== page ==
a thing, so that he turns away his face from it, by reason of intense heat:
(S:) and also one having his eyes dazzled by snow; as well as by intense
heat. (IAar.) ― -b2-
سَدِرَةٌ His eye is confused in its vision, or dazzled, so that he
cannot see well. (A.) ― -b3- And
سَدِرَةٌ means An old and weak she-camel. (IAar, TA in art.
سد.) ― -b4- Also
سَدِرٌ The sea: (S, M, K:) one of the [proper] names thereof; (S;)
occurring only in a poem of Umeiyeh Ibn-Abi-s-Salt: (M:) he says, “
سَدِرٌ تَوَاكَلُهُ القَوَائِمُ أَجْرَدُ
” [And as though the first heaven, with the angels around it, were the sea, the winds deserting it, and smooth]: (S, M, TA: [but in the M and TA, for حَوْلَهُ, we find حَوْلَهَا; and in the S, for أَجْرَدُ, we find أَجْرَبُ, which is inconsistent with the rhyme of the poem:]) by القوائم he means the winds; and by تواكله, [for تَتَوَاكَلُهُ,] تَرَكَتْهُ [or rather تَتْرُكُهُ]: he likens the sky to the sea when calm: (TA:) Th quotes thus: “ وَكَأَنَّ بِرْقِعَ وَالمَلَائِكُ تَحْتَهَا
سَدِرٌ تَوَاكَلُهُ قَوَائِمُ أَرْبَعُ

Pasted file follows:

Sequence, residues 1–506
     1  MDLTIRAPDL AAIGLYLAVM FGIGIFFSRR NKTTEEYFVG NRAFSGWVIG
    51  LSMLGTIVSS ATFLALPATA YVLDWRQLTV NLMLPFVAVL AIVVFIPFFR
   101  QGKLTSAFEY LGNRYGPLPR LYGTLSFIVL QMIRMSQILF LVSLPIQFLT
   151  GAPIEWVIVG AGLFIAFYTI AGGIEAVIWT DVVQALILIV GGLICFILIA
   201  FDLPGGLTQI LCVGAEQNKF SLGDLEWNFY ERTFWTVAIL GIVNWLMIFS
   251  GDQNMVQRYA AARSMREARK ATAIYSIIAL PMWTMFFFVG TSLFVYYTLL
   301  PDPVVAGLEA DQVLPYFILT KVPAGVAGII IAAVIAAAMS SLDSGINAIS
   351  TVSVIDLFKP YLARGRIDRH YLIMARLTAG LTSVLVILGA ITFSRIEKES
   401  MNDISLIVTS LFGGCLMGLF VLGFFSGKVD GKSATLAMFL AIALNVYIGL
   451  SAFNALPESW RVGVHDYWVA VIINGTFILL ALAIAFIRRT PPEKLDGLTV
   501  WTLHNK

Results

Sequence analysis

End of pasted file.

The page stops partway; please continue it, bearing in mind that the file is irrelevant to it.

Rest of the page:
” and says that the poet likens the angels, with respect to their fear of God, to a man affected with a vertigo [lit., turning round, though it would seem more appropriate had he said, the poet likens them to a camel so affected, whom his four legs failed: he prefaces this explanation with the words, سَدِرٌ يَدُورُ وَقَوَائِمُ أَرْبَعُ هُمُ المَلَائِكَةُ; to which he or ISd adds, لَا يَدْرِى كَيْفَ خَلْقُهُم: but (using a common phrase of ISd) I can only say, لَا أَدْرِى كَيْفَ هٰذَا; unless there be some omission in the transcription]: (M, TA:) Sgh says that the correct reading is سِدْرٌ, meaning the kind of tree so called, not the sea; and the author of the Námoos adopts his opinion; but MF rejects it: (TA:) some read رَقْعًا [in the place of برقع] and explain it as meaning the seventh heaven. (TA in art. رقع.) سِدْرِىٌّ One who grinds and sells the leaves of the سِدْر. (TA.) [See also سَدَّارٌ.] سِدَارٌ ذ A thing resembling a [curtain of the kind called] خِدْر: (K:) or resembling a كِلَّة, which is put across a [tent of the kind called] خِبَآء. (M.) سَدَّارٌ A seller of the leaves of the سِدْر. (TA.) [See also سِدْرِىٌّ.] سَادِرٌ : see سَدِرٌ. ― -b2- Also Losing his way: you say, إِِنَّهُ سَادِرٌ فِى الغَىِّ Verily he is losing his way, in error. (A.) And أَتَى أَمْرَهُ سَادِرًا i. e. [He entered into, or did, his affair] in a wrong way. (Ham p. 432.) ― -b3- A man without firmness, or deliberation. (M.) You say, تَكَلَّمَ سَادِرًا He spoke without deliberation. (A.) ― -b4- A man who cares not for anything, nor minds what he does: (S, * M, K:) or one who occupies himself with vain or frivolous diversion. (TA.) سُمْدُورٌ A cloudiness of the eye; (K;) and weakness of sight: (TA:) and سَمَادِيرُ [originally pl. of the preceding, app.,] weakness of sight, (S, M, K,) or something appearing to a man by reason of weakness of his sight, (M, K,) on the occasion of, (S, M,) or [arising] from, (K,) intoxication (S, M, K) by drink &c., (M,) and from [or if the reading in the CK be correct this prep. should be omitted] the insensibility arising from drowsiness and vertigo. (S, K.) The م is augmentative. (S: but the word is mentioned in the M and K in art. سمدر.) See also سَدَرٌ. -A2- Also A king: because the eyes become weak, or dazzled, in consequence of looking at him. (K in art. سمدر.) الأَسْدَرَانِ The shoulder-joints, (S, M, A, K,) and the sides: (S, K:) or (so in the M, but accord. to the K “ and ”) two veins (M, K) in the eye, (M,) or in the two eyes: (K:) or beneath the temples. (M.) Hence the saying جَآءَ يَضْرِبُ أَسْدَرَيْهِ He came beating (with his hands, TA) his shoulder-joints (S, A, K) and his sides; (S, K;) meaning, (tropical:) he came empty, (S, A, K,) having nothing in his hand, (S,) or having no occupation, (M,) and without having accomplished the object of his desire: (S, K:) and in like manner, أَصْدَرَيْهِ: (S:) and جَآءَ يَنْفُضُ أَسْدَرَيْهِ, (AZ,) and أَصْدَرَيْهِ, (TA,) and أَزْدَرَيْهِ, (ISk,) he came shaking his shoulder-joints: (AZ:) or his sides: meaning as above. (TA.) مَسْدُورٌ Hair [let down, or made to hang down, or] hanging down; like مَسْدُولٌ. (TA.) مُسْمَدِرٌّ A dazzled eye. (TA in art. سمدر.) -A2- A long and direct road. (K ibid.) ― -b2- And hence, (TA ibid.,) (assumed tropical:) Right speech or language. (K and TA ibid.)Credit: Lane Lexicon